Food News

Shuckers Waterfront Grill and Adjacent Hotel Sold UPDATED

Update: Although the Daily Business Review reported the purchase price of the sale was $32 million, Richard Spado of Keyes Co. says that figure isn't accurate. According to Spado, "The purchase price quoted in the Daily Business Review was incorrect. Due to the complicated structure of hotel and restaurant transactions, costs are allocated in various categories and I am not certain of the actual dollar value allocated to the real estate."

Shuckers Waterfront Grill
, along with the hotel it calls home, has been sold.

Montreal-based North Bay Village Holdings LLC purchased both the Best Western on the Bay Inn & Marina and the restaurant, according to the Daily Business Review.

The 87,766-square-foot property, purchased from Inn on North Bay Ltd., features a 120-room hotel, marina, 310 feet of direct waterfront, and Shuckers, which seemed to be the main draw of the deal. A hotel representative confirmed the sale over the phone last evening.

If you're worried that your favorite place to grab chicken wings alfresco will shutter or, worse, turn into some global small-plates concept, take a chill pill.

Richard Spado of Keyes Co., who brokered the deal for both parties, says the new owners are determined to keep Shuckers and the hotel afloat — with a few minor changes. "People will be happy to know they're not going to knock it down. They're going to keep Shuckers there. They do plan on doing some improvements to the property, but the feeling is that it's successful and it's been successful for a long time, so why mess with it?"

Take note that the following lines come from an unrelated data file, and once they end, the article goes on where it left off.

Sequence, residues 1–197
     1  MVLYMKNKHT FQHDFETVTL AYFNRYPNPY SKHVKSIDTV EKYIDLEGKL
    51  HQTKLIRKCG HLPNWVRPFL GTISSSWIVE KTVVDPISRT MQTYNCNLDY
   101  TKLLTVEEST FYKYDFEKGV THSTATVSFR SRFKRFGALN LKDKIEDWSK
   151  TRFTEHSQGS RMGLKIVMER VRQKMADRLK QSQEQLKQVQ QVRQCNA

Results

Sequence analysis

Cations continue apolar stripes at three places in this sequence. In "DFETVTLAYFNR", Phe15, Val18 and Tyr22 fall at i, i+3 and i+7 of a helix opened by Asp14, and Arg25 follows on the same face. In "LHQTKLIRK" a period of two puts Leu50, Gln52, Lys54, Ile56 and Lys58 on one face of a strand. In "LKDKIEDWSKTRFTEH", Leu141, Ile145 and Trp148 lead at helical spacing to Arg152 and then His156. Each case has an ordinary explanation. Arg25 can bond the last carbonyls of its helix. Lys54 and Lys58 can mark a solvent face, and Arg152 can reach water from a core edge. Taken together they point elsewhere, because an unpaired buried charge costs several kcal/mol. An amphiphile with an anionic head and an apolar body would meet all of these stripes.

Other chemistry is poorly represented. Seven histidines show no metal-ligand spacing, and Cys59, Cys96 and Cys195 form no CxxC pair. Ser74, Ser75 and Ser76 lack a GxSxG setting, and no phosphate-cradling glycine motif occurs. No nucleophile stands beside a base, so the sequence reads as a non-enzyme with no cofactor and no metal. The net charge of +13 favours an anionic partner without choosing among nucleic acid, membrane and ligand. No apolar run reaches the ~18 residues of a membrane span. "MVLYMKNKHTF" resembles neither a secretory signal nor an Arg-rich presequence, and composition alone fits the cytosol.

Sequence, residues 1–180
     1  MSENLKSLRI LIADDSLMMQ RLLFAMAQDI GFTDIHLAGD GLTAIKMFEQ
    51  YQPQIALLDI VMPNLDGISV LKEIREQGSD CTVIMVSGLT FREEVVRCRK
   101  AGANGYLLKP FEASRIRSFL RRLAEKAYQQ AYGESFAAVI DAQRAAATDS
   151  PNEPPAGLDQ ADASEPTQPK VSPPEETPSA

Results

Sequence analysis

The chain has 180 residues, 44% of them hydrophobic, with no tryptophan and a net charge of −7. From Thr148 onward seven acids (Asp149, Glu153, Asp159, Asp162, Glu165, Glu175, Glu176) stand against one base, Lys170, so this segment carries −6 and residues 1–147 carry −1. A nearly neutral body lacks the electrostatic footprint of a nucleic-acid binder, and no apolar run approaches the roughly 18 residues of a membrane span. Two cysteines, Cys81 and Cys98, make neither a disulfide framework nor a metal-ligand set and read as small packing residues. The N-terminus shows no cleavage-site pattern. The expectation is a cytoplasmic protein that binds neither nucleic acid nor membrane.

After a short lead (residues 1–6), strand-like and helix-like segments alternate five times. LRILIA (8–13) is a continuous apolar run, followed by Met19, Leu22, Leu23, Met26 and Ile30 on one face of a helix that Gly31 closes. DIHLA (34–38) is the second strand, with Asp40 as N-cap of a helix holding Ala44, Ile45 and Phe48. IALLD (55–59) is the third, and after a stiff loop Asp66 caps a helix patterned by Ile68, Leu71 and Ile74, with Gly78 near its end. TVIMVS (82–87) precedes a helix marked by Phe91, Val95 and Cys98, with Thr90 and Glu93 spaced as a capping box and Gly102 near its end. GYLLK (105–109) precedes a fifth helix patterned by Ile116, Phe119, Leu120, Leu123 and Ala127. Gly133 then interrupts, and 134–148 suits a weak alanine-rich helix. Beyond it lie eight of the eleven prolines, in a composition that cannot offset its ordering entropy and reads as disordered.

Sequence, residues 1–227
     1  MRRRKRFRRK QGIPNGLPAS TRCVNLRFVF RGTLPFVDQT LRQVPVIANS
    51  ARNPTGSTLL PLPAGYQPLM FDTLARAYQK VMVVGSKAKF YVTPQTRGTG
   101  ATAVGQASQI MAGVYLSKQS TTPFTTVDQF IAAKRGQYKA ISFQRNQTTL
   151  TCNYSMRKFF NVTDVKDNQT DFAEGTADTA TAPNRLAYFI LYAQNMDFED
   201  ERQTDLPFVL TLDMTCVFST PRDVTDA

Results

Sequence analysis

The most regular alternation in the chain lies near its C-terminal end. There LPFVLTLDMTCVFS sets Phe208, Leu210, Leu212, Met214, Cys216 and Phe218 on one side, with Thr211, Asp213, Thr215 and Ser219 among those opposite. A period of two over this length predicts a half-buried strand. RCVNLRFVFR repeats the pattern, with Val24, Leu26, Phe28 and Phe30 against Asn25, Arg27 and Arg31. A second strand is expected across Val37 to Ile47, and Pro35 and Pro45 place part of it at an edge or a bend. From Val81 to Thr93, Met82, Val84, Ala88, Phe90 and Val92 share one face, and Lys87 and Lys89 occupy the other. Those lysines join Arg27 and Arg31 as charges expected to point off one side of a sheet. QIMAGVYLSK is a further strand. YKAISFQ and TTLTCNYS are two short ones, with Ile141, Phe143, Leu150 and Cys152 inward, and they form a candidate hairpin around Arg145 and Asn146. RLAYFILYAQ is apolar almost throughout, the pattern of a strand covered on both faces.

Spado says the key to the whole deal was the little waterfront bar and restaurant that could. "If it was just the hotel, I couldn't get that kind of price for it. A Best Western with 120 rooms will not generate that kind of revenue." The fact that the restaurant is directly on the water made it attractive to the buyers. "Restaurants, no matter how good they are, are risky. But this one, I think, due to the location, is a pretty solid deal, and the buyers feel it's a solid investment."

The realtor, who specializes in hotel properties, lives in Miami and knows Shuckers very well. "We don't have many places where you can just sit on the water. Plus, it's very accessible. You just drive up and park your car and have one of the best views in South Florida."

In June 2013, the waterfront restaurant made headlines when its deck collapsed while people were dining and watching a Miami Heat game. The scene turned chaotic when 100 people were sent tumbling into the water, followed by restaurant workers and patrons who jumped into the bay to rescue the frightened patrons. First responders were on the scene in minutes, and, in total, more than two dozen people were injured in the incident; 15 of them transported to local hospitals for treatment.It closed for more than a year while repairs were made.

In July 2014, Shuckers reopened with a face-lift and a state-of-the-art deck constructed of steel and heavy concrete beams reinforced with metal rods. (The old deck was made of wood.) When the restaurant reopened, much of the staff returned, along with the menu that features some of Miami's most beloved chicken wings and freshly shucked oysters.
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Laine Doss is the food and spirits editor for Miami New Times. She has been featured on Cooking Channel's Eat Street and Food Network's Great Food Truck Race. She won an Alternative Weekly award for her feature about what it's like to wait tables.
Contact: Laine Doss